Johnson v. United States

Annotate this Case

291 A.2d 697 (1972)

William A. JOHNSON, Appellant, v. UNITED STATES, Appellee.

No. 6323.

District of Columbia Court of Appeals.

Argued March 27, 1972.

Decided June 7, 1972.

Rehearing Denied July 5, 1972.

Herbert A. Rosenthal, Jr., Washington, D. C., appointed by this court, for appellant.

James F. McMullin, Asst. U. S. Atty., with whom Harold H. Titus, Jr., U. S. Atty., and John A. Terry, Asst. U. S. Atty., were on the opposition to motion, for appellee.

Before HOOD, Chief Judge, and KELLY and PAIR, Associate Judges.

HOOD, Chief Judge:

Appellant was found guilty by a jury of second-degree burglary and received a sentence of 2 to 6 years. He noted an appeal and applied to the trial court for release on bail pending his appeal.

The District of Columbia Court Reform and Criminal Procedure Act (Pub.L.No. 91-358, 84 Stat. 473-668, effective February 1, 1971) provides:

A person who has been convicted of an offense and sentenced to a term of *698. . . imprisonment and has filed an appeal . . . shall be detained unless the judicial officer finds by clear and convincing evidence that (1) the person is not likely to flee or pose a danger to any other person or to the property of others, and (2) the appeal . . . raises a substantial question of law or fact likely to result in a reversal or an order for new trial. . . .[1]

Expressing a belief that (1) appellant if released would be a danger to the community and (2) that there did not exist a substantial question of law or fact likely to result in a reversal or new trial, the trial court denied release on bail.[2] The present motion seeks review of that denial.

With respect to the likelihood of release posing a danger to the community, we must affirm the trial court if its finding is supported by the proceedings below.[3] The record before the trial court, by appellant's own admission, showed that since 1960 and prior to the present conviction he had been convicted of taking property without right, twice convicted of unlawful entry and petit larceny, and once convicted of housebreaking. Additionally, he had been convicted of disorderly conduct and drunkenness and had been arrested four times on charges of housebreaking. In view of this record we cannot say there was no support for the trial court's inability to find that if released appellant would not pose a danger to the community, i. e., to other persons or to the property of others.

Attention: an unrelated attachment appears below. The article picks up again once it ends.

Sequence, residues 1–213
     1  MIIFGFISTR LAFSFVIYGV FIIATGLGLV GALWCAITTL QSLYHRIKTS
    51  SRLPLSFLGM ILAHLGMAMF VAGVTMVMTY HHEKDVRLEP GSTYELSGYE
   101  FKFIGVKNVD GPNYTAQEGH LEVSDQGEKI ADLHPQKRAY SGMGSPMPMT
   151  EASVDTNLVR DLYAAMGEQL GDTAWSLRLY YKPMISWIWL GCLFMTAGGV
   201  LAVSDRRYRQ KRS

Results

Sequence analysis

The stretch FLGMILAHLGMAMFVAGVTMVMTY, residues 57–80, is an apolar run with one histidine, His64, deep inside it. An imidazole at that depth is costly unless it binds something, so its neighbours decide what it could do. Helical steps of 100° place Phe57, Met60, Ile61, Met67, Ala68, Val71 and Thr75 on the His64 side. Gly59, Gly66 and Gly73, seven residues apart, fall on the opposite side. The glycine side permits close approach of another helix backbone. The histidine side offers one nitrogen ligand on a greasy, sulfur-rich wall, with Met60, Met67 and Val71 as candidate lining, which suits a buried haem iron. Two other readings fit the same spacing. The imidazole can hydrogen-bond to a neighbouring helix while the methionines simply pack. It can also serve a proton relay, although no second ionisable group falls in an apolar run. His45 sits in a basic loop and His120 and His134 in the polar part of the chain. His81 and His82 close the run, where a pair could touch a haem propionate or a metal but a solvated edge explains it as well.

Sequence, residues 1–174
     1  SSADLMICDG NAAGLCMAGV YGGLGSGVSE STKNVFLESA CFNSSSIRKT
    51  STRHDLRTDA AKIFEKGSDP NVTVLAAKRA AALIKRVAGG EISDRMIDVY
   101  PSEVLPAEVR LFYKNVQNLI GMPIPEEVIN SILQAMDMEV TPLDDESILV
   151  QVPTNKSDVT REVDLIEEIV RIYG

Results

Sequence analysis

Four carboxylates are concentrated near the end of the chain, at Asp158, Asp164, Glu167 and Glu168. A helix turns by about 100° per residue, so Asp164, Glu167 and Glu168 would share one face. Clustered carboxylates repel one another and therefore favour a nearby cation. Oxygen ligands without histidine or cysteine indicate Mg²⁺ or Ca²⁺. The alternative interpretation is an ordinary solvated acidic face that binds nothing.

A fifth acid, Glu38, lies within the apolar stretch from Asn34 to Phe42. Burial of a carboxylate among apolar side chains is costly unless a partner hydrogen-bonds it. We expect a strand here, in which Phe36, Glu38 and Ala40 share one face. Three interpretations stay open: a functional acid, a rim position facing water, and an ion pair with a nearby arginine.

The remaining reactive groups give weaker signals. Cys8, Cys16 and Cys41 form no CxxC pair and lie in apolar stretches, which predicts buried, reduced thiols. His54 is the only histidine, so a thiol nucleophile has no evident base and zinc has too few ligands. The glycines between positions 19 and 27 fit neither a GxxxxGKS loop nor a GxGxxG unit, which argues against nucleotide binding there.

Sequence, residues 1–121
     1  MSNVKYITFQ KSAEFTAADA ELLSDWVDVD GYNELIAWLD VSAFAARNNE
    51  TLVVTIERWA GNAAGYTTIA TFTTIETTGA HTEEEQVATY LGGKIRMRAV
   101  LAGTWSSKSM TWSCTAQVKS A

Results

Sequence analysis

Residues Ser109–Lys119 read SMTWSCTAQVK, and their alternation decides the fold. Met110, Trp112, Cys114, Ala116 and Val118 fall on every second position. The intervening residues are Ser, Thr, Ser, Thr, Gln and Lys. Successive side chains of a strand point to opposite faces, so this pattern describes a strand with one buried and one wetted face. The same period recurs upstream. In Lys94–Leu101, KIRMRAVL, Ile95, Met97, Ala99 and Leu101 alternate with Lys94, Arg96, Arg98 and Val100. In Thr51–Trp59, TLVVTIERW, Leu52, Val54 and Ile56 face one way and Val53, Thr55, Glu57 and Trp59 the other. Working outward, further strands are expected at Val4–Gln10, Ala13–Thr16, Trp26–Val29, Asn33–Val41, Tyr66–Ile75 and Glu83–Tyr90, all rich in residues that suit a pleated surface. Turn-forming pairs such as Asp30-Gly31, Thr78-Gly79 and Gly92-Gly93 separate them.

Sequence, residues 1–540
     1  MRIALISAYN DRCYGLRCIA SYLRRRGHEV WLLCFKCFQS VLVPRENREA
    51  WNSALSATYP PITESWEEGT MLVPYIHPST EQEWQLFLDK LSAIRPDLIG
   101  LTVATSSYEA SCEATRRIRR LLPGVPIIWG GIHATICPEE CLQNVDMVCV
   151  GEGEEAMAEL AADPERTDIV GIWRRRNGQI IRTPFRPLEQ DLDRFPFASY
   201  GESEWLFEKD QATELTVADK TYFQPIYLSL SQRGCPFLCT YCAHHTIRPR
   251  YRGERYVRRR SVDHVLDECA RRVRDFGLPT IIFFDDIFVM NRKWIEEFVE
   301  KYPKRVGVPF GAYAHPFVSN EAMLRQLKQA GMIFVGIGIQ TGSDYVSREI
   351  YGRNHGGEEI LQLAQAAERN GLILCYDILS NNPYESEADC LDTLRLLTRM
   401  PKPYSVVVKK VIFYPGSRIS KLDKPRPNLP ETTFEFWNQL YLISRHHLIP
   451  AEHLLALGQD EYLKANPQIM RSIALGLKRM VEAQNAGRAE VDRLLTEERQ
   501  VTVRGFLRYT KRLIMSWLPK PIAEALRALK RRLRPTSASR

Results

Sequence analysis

As the statute imposes two conditions on the right to bail after conviction, our sustaining the trial court's holding that the condition relating to the lack of danger to persons or property had not been met, makes it unnecessary that we consider the trial court's ruling as to likelihood of reversal.[4]

Appellant urges that if we find he has not met the two conditions for release, we should hold that the provisions of the Court Reform Act embodied in D.C.Code 1967, § 23-1325(c) (Supp. IV, 1971) are unconstitutional. The basis of the constitutional attack is not clear to us. Appellant does not, and could not, claim a constitutional right to bail on appeal after conviction.[5] Indeed there is no constitutional right to an appeal from a conviction. "It is true that a State is not required by the Federal Constitution to provide appellate courts or a right to appellate review at all." Griffin v. Illinois, 351 U.S. 12, 18, 76 S. Ct. 585, 590, 100 L. Ed. 891 (1956). "Thus, it is now settled that due process of law does not require a State to afford review of criminal judgments." Id. at 21, 76 S. Ct. at 591, per Frankfurter, J., concurring. "Illinois . . . could thus deny an appeal altogether . . . without denying due process of law." Id. at 27, 76 S. Ct. at 594, per Burton & Minton, JJ., dissenting. If there is no constitutional right to an appeal, there could hardly be a constitutional right to bail on appeal.